Publication date: February 2nd, 2022   Goodreads M avis Corvid can't remember. Not who she is, nor where she came from. It's been si...

Review || Second Nature by Amber Boudreau


Publication date: February 2nd, 2022


Mavis Corvid can't remember. Not who she is, nor where she came from. It's been six months and nothing. Zip. Zilch. Now she's settling into a new life. She's back on her feet, literally, and working at a garage in Eustace Park for a boss as grumpy as he is handsome. She has an apartment, friends, and an insatiable curiosity about werewolves.

No one knows why the wolves disclosed their existence to the world, but the one-year anniversary of their reveal is fast approaching. A fight brews between two alphas that could threaten the rest of humanity unless Mavis can remember who she was. She knows she's not a werewolf, but she is something else.

When pushed from a balcony Mavis' second nature reveals itself. She shifts into a magpie to save her skin. Now she'll have to harness her strange abilities and investigate her disappearance to find out what happened to the Aldwulf, the alpha of all alphas. However, the past is gone and Mavis isn't the same person. With the opportunity to be whoever she wants, what kind of person will she choose to be? 
Set in an alternate version world where werewolves not only exist but have revealed themselves to the public, this urban fantasy by Amber Boudreau is a great addition to the genre. The world-building is solid, the characters are relatable, and there is enough mystery here to keep the pages turning. (Who was Mavis before? What happened to the Alpha?)

After waking up six months ago without a clue, Mavis Corvid still can't remember who she is. She's gone on to choose a new name and quickly rebuilt a life for herself. She is a strong character who didn't spend time feeling sorry for herself when she couldn't remember the particulars of her former life. She just picked herself up and went on with some assistance from those around her. I thought it was unique that she wasn't stressed out that she couldn't remember and that she got to living as best she could. Boudreau also refrained from the typical shifter profile and constructed Mavis as a bird shifter or "two-natured". Deciding to have the main character transform into a magpie kept the shifter trope from feeling stagnant and overused.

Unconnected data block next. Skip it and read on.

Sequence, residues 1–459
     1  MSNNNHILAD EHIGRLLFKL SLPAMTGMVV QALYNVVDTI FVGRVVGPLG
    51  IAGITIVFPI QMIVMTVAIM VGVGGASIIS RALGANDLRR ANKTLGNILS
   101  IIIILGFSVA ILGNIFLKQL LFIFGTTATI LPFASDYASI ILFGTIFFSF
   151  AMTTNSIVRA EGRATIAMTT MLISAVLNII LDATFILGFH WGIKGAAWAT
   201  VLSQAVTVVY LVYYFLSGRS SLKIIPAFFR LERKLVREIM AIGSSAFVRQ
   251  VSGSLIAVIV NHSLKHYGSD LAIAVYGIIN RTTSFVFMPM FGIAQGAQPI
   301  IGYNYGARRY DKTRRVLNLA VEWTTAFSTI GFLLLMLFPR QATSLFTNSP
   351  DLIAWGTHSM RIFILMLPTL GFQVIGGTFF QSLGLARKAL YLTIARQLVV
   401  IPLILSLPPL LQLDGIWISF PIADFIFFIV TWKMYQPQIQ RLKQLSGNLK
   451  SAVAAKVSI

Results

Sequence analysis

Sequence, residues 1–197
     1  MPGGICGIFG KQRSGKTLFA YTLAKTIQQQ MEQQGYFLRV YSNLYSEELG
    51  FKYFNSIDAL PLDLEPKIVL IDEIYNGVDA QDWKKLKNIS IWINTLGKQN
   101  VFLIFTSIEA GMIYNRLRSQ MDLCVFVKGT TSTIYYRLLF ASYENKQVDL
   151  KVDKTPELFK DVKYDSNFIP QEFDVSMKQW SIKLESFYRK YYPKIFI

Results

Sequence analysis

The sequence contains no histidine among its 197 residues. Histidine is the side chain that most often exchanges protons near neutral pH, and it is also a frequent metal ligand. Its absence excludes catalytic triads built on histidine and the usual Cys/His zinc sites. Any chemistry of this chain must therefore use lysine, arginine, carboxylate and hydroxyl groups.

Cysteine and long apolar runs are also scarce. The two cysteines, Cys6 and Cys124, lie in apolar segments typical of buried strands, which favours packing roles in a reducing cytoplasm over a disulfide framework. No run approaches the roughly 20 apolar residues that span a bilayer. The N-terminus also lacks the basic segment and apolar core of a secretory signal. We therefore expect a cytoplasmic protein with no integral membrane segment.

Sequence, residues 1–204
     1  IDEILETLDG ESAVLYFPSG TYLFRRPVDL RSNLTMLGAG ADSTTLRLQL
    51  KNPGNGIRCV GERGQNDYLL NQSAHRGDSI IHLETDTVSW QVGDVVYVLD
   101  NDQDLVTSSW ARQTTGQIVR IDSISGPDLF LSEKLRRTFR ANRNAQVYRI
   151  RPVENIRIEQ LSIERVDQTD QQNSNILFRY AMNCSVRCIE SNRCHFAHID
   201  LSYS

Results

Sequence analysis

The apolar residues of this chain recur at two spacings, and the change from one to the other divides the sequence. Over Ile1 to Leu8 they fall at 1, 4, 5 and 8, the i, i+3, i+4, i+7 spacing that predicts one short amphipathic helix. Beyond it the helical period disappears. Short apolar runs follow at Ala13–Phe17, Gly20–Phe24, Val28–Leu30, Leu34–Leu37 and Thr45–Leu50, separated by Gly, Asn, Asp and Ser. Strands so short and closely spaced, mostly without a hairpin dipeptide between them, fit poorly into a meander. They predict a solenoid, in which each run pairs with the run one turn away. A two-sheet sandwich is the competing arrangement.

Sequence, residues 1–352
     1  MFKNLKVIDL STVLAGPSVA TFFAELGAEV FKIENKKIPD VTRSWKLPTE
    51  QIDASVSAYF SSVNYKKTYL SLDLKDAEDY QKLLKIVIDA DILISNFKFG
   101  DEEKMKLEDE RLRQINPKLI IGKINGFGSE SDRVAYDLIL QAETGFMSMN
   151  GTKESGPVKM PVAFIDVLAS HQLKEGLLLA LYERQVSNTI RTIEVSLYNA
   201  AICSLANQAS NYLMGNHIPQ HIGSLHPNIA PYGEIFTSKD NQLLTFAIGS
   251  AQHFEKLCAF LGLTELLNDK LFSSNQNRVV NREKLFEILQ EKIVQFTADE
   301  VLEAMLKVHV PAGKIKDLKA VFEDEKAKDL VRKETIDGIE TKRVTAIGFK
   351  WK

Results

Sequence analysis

The relationship between Aitch the garage owner and Mavis' boss, was rather humorous. He's a cantankerous thing but Mavis is unfazed and is as cheery as he is cranky. This isn't a completely romance-free urban fantasy but it doesn't overwhelm the plot. It's more of a will they/won't they type of romance that may be developed in future books but it nonetheless made for entertaining banter and heightened tension. 

The ending certainly leaves the door open for a second novel or even the possibility of a series in this new world that I wouldn't be opposed to at all. I enjoyed Mavis coming into her own, learning about herself, and there was enough character growth to move on to a second novel. If you like your urban fantasy to be completely wrapped up at the end, this one may frustrate you a bit. There's a lot left unsaid and unanswered arranging it perfectly for a continuance. I'll definitely be keeping Boudreau on my radar for future releases.